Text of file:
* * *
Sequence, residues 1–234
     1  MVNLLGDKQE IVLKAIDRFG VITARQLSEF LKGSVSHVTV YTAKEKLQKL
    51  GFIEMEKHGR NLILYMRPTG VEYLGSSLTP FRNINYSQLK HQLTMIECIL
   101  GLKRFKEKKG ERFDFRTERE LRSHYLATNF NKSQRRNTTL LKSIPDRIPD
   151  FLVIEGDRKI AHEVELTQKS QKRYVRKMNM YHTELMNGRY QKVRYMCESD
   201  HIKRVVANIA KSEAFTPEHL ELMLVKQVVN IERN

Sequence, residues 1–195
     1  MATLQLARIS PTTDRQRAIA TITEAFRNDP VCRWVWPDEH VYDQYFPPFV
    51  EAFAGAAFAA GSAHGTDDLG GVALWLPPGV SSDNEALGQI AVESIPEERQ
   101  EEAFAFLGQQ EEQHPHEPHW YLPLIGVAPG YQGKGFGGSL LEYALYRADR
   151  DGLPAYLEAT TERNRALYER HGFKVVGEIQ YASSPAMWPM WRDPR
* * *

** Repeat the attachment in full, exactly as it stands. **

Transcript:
Sequence, residues 1–234
     1  MVNLLGDKQE IVLKAIDRFG VITARQLSEF LKGSVSHVTV YTAKEKLQKL
    51  GFIEMEKHGR NLILYMRPTG VEYLGSSLTP FRNINYSQLK HQLTMIECIL
   101  GLKRFKEKKG ERFDFRTERE LRSHYLATNF NKSQRRNTTL LKSIPDRIPD
   151  FLVIEGDRKI AHEVELTQKS QKRYVRKMNM YHTELMNGRY QKVRYMCESD
   201  HIKRVVANIA KSEAFTPEHL ELMLVKQVVN IERN

Sequence, residues 1–195
     1  MATLQLARIS PTTDRQRAIA TITEAFRNDP VCRWVWPDEH VYDQYFPPFV
    51  EAFAGAAFAA GSAHGTDDLG GVALWLPPGV SSDNEALGQI AVESIPEERQ
   101  EEAFAFLGQQ EEQHPHEPHW YLPLIGVAPG YQGKGFGGSL LEYALYRADR
   151  DGLPAYLEAT TERNRALYER HGFKVVGEIQ YASSPAMWPM WRDPR